Mounting pressure for product consistency and quality and a mandate to reduce costs spurred container manufacturer Crown Cork and Seal Co. Inc. (Philadelphia, PA) to institute quality measures that could be applied across the board throughout its manufacturing sites around the world. To fully appreciate the size and importance of this task, consider the company's business climate.
Crown Cork and Seal, one of the world's largest suppliers of beverage containers, is an $8 billion manufacturing company with operations in 247 plants in 49 countries serving global customers like Coca-Cola Co. (Atlanta, GA) and Anheuser-Busch Cos. Inc. (St. Louis, MO). Customers expect a beverage container purchased in Taipei to be the same as one purchased in Chicago, Geneva, or Toronto. The challenges and costs of producing identical products in plants around the world are staggering and daunting.
Add to this equation the fact that the container industry is competitive in terms of cost. As a high-volume, commodity-producing industry, profit margins are thin. Any increase in margin is important for the bottom line, and profitability depends on efficiency and waste reduction.
"Our industry also is competitive in terms of quality," says David MacBurnie, vice president of world-class performance/total quality. "There is constant pressure to do more with less [for example, to make cans with thinner materials without compromising quality]." He says customers' expectations continue to rise—they now require zero-defect products, low prices, and high quality. "This is challenging, because as you speed up equipment and reduce materials, you also increase process variability, which can lead to defects."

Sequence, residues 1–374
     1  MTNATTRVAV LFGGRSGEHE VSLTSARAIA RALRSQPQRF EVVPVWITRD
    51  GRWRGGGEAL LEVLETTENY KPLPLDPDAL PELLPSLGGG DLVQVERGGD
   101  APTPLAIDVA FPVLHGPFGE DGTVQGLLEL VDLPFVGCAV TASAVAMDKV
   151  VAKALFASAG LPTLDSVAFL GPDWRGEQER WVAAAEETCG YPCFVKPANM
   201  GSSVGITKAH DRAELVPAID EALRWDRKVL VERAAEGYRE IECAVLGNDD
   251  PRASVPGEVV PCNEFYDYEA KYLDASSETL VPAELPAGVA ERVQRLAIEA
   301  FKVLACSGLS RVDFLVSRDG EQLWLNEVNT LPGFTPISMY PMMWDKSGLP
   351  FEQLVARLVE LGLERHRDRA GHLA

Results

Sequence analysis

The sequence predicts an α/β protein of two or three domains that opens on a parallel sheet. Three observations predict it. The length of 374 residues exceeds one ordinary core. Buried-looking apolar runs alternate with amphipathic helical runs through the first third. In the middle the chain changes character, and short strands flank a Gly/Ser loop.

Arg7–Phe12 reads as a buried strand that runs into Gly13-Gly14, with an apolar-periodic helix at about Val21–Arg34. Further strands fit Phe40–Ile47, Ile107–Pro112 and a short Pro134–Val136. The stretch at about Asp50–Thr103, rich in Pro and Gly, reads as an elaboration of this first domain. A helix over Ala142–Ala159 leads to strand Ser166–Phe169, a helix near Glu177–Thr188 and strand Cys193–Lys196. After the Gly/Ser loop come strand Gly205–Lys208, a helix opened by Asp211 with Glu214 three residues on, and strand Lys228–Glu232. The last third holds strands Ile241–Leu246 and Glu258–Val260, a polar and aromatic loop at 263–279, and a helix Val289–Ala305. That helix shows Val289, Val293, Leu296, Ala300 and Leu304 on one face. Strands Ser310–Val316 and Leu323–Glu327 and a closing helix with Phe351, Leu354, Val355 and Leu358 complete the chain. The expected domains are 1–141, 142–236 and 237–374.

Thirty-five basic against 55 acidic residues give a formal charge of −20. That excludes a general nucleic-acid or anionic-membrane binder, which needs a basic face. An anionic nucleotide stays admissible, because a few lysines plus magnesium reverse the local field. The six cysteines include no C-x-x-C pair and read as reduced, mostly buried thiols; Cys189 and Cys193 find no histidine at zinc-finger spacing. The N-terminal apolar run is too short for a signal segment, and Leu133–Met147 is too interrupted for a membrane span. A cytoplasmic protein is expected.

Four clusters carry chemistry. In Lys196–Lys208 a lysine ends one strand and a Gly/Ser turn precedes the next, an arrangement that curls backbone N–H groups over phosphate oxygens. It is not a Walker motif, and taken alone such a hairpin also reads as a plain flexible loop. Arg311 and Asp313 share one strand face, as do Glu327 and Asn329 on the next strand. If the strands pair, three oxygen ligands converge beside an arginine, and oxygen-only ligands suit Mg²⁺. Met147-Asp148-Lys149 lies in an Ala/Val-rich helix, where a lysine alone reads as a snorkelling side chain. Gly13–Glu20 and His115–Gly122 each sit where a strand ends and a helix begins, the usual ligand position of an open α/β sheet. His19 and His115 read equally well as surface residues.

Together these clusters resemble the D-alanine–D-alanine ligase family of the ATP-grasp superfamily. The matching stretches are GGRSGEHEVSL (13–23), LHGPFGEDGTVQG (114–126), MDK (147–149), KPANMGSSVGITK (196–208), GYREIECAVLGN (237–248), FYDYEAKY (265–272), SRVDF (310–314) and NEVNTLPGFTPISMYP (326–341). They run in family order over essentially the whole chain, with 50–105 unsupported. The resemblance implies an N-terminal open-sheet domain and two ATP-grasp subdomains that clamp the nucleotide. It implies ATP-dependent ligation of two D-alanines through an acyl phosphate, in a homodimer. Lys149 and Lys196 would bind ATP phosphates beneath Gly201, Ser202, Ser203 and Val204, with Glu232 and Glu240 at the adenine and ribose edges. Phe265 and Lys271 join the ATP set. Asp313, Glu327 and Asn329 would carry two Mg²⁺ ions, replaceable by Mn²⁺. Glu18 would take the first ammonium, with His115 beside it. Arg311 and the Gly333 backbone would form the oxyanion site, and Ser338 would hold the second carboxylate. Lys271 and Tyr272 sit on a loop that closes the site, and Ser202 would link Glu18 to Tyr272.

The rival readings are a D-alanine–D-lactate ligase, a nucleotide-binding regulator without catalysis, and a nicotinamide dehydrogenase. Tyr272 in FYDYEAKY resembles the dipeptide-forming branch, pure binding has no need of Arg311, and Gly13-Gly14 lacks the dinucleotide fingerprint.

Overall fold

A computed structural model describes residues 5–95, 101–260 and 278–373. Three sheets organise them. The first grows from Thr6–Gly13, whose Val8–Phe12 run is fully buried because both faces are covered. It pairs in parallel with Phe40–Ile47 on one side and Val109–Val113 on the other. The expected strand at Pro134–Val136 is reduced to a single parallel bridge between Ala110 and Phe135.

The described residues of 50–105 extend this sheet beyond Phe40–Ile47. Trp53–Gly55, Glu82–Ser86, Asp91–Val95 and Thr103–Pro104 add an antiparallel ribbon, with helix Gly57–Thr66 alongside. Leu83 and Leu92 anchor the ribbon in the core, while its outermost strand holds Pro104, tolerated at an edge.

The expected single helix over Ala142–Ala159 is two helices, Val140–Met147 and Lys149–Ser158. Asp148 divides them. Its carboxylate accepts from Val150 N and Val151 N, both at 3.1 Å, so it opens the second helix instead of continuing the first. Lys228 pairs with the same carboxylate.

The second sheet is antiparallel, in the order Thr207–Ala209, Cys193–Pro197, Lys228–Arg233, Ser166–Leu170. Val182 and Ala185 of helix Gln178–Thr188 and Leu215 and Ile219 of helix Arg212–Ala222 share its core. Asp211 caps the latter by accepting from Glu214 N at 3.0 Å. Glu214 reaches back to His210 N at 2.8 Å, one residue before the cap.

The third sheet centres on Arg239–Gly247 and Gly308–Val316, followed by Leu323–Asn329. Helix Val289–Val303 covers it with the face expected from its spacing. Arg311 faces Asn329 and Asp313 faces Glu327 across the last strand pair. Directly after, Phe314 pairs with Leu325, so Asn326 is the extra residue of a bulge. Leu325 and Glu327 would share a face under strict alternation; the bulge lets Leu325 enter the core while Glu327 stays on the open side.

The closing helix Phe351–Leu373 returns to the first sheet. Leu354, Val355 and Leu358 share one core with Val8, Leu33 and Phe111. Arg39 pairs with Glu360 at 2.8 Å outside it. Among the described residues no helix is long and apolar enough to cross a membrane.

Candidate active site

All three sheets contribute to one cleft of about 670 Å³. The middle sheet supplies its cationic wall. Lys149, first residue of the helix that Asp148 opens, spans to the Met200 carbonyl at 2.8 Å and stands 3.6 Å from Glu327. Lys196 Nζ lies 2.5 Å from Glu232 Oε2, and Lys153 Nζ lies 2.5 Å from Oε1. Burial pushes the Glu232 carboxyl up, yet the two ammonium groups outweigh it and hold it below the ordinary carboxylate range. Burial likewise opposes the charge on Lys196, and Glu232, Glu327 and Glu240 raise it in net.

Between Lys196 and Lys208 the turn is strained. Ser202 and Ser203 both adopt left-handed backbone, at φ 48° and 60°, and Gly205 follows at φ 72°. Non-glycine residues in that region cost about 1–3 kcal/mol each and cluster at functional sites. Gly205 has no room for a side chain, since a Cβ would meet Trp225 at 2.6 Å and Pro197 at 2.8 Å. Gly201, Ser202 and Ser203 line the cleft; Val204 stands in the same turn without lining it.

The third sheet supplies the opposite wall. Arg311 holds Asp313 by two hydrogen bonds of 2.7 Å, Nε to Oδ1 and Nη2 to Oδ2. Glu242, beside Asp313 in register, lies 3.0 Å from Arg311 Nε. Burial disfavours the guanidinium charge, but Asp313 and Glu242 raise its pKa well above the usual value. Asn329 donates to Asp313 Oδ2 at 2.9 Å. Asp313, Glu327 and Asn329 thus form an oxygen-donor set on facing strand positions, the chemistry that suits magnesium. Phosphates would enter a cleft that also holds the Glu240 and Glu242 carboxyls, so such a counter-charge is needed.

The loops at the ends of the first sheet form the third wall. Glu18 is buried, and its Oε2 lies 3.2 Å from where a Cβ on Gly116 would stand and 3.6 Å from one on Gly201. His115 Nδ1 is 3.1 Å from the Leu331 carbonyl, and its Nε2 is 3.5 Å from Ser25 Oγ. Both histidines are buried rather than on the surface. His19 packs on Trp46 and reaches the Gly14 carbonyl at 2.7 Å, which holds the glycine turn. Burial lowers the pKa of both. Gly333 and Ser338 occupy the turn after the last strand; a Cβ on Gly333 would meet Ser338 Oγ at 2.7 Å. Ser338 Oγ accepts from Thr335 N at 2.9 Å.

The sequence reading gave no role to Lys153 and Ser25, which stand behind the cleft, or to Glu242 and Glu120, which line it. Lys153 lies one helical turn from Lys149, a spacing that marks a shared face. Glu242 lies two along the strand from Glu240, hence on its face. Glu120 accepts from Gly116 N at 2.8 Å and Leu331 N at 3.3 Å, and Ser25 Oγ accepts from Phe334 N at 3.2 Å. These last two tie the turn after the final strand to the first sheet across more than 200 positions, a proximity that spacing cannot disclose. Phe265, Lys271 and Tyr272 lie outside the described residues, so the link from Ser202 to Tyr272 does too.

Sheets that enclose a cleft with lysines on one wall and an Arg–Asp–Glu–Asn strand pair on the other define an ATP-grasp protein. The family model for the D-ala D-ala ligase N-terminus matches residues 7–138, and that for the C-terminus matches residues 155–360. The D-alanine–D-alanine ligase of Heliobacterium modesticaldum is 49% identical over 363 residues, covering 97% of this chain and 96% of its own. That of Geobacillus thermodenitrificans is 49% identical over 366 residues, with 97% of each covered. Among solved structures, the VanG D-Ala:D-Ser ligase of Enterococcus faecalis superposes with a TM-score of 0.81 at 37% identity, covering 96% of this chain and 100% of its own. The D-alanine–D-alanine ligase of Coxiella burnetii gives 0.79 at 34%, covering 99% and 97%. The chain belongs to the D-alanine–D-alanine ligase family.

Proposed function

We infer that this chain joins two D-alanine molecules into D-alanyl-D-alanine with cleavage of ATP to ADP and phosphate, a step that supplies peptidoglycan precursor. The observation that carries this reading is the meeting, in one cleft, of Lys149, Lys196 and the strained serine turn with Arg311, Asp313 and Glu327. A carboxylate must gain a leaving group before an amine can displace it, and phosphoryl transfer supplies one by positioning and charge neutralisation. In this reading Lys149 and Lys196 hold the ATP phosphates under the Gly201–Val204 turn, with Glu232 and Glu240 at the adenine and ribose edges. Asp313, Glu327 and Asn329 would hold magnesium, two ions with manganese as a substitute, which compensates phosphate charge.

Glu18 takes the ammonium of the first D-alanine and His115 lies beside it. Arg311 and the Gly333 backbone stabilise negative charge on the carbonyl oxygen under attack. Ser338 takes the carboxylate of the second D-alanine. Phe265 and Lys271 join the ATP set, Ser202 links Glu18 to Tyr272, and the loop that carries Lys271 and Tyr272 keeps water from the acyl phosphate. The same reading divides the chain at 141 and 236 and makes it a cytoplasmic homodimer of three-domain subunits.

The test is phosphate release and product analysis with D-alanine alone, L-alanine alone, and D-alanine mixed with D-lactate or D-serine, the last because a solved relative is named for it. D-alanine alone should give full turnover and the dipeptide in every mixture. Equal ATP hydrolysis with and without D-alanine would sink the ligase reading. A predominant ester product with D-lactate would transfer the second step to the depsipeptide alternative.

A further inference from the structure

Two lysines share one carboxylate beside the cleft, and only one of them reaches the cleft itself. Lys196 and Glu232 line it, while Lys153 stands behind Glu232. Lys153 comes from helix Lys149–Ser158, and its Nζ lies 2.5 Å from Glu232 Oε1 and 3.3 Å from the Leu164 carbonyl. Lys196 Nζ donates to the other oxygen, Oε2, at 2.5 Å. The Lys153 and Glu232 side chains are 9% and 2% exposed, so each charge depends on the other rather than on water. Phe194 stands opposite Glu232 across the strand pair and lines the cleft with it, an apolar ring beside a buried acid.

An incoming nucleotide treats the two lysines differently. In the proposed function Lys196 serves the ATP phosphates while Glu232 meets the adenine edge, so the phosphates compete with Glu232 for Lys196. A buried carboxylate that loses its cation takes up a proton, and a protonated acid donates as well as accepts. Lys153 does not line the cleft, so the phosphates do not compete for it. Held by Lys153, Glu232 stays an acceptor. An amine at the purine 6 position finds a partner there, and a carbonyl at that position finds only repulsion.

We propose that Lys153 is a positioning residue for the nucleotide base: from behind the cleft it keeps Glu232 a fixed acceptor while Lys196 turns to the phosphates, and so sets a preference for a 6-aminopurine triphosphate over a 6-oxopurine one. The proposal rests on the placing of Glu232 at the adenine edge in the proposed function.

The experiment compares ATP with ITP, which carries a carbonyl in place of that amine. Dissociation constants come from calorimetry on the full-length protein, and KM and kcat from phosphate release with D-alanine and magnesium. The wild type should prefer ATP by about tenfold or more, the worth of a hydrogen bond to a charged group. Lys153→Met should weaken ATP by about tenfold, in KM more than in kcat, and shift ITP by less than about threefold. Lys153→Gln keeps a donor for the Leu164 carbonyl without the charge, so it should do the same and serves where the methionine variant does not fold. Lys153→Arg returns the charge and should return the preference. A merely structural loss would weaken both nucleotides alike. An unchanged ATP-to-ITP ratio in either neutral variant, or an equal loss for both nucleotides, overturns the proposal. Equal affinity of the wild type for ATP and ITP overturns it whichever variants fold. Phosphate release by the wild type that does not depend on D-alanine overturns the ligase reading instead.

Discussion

A related aspect of this quality requirement—producing consistent cans around the world—places enormous pressure on the company to reduce variation across many manufacturing facilities. This requires that quality must be addressed on a company-wide basis, according to MacBurnie. Some of the most important employees in this effort are the line operators, who must continually make decisions about keeping the process in control. This requires training, not only to overcome fear and resistance to change but also to teach statistical concepts that can be applied to line operations.